One question for Sheila Bair

By Felix Salmon
November 12, 2009
Paul Solman is taking questions for Sheila Bair. If I could ask her just one question, it would be about her actions taking over WaMu and wiping out all its senior unsecured debt. That's the wholesale interbank market right there, and in the wake of the WaMu collapse, banks pretty much stopped lending to each other, fearful that at any point Bair could step in and wipe out billions of dollars in assets. The ensuing credit crunch was responsible for trillions of dollars in stock and bond-market losses, and Tim Geithner, for one, was furious at Bair for her precipitous decision.

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Paul Solman is taking questions for Sheila Bair. If I could ask her just one question, it would be about her actions taking over WaMu and wiping out all its senior unsecured debt. That’s the wholesale interbank market right there, and in the wake of the WaMu collapse, banks pretty much stopped lending to each other, fearful that at any point Bair could step in and wipe out billions of dollars in assets. The ensuing credit crunch was responsible for trillions of dollars in stock and bond-market losses, and Tim Geithner, for one, was furious at Bair for her precipitous decision.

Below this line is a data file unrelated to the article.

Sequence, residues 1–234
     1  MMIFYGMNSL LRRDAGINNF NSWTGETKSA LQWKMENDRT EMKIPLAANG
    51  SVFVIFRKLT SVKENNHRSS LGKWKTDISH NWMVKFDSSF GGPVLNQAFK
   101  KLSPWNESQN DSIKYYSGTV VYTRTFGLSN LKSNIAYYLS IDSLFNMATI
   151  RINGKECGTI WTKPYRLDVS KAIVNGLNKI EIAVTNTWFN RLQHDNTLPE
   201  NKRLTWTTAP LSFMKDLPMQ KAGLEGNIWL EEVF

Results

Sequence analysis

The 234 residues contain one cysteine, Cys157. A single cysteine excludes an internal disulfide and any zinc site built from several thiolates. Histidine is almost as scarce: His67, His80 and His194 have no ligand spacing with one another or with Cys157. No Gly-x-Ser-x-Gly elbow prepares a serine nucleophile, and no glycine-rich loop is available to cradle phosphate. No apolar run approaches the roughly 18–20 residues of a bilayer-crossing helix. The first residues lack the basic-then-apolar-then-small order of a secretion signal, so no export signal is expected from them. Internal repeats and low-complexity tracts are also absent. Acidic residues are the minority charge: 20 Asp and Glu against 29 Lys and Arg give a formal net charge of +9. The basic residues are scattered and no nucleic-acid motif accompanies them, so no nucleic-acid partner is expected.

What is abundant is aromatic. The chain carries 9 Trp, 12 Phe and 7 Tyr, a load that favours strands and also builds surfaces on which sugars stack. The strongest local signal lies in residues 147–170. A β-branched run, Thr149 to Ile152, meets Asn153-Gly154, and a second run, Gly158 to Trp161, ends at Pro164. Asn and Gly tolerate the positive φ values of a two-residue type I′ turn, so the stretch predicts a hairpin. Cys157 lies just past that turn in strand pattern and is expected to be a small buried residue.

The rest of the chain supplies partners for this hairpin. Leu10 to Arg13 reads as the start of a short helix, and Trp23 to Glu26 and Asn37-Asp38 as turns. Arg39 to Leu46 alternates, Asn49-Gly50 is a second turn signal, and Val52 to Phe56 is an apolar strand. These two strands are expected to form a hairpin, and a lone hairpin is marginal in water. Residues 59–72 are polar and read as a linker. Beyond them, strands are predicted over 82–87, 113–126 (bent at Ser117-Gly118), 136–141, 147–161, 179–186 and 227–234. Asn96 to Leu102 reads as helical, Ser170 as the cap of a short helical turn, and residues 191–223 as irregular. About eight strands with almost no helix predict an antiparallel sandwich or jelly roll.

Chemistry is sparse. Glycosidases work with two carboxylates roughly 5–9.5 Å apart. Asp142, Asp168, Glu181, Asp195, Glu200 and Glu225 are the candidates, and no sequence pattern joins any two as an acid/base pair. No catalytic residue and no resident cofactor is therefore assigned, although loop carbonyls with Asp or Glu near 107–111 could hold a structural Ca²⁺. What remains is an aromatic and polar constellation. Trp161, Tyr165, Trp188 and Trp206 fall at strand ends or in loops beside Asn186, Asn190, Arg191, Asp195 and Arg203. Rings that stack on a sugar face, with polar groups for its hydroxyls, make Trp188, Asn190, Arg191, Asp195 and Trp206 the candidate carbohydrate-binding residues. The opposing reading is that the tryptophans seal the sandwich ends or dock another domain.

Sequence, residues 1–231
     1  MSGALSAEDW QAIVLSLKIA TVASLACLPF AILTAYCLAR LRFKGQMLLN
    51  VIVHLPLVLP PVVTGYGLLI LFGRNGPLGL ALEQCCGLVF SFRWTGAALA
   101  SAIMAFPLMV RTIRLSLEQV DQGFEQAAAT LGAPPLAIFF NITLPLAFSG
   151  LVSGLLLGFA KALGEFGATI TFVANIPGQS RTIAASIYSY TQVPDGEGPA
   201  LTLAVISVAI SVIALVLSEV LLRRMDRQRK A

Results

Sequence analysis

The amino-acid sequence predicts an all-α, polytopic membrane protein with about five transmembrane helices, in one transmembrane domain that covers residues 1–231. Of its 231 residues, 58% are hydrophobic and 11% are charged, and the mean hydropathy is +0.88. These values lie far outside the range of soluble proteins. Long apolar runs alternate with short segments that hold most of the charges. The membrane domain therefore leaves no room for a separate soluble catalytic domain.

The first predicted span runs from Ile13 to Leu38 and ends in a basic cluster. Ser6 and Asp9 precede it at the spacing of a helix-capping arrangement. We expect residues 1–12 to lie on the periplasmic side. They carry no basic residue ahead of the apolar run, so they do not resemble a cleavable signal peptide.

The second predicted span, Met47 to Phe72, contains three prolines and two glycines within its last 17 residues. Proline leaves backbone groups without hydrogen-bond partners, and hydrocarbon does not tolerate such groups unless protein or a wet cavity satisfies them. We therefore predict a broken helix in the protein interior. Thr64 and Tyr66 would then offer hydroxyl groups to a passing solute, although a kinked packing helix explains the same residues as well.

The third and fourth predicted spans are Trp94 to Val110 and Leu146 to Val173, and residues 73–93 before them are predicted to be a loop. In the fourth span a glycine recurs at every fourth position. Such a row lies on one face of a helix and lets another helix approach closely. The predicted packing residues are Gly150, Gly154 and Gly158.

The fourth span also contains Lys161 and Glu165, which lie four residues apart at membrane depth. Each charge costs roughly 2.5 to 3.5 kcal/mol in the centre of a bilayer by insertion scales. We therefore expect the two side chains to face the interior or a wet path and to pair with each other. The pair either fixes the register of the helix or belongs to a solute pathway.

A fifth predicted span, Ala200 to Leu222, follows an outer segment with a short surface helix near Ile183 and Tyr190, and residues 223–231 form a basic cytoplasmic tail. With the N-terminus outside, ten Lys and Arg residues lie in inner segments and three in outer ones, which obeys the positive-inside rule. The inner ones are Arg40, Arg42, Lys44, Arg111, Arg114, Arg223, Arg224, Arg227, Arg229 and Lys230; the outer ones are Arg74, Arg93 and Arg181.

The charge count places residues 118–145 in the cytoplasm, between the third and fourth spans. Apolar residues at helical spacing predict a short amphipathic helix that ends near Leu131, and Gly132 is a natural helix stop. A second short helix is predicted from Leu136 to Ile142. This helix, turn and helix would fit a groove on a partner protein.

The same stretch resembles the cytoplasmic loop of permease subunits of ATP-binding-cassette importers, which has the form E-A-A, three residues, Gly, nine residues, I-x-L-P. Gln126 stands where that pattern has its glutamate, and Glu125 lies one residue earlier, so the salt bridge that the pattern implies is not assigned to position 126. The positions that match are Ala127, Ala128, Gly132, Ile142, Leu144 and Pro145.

So the question is this: was the WaMu intervention a mistake, given the knock-on effects it had on the broader economy? Or, more generally, is there anything Bair would do differently, in hindsight?

Bair’s a political beast, and I suspect she’ll brazen it out, saying that her WaMu decision was the right one. But that would put her in the dubious company of all the other executives who feel they have nothing to apologize for. Is it too much to hope that she might show a glimpse of humanity or fallibility?

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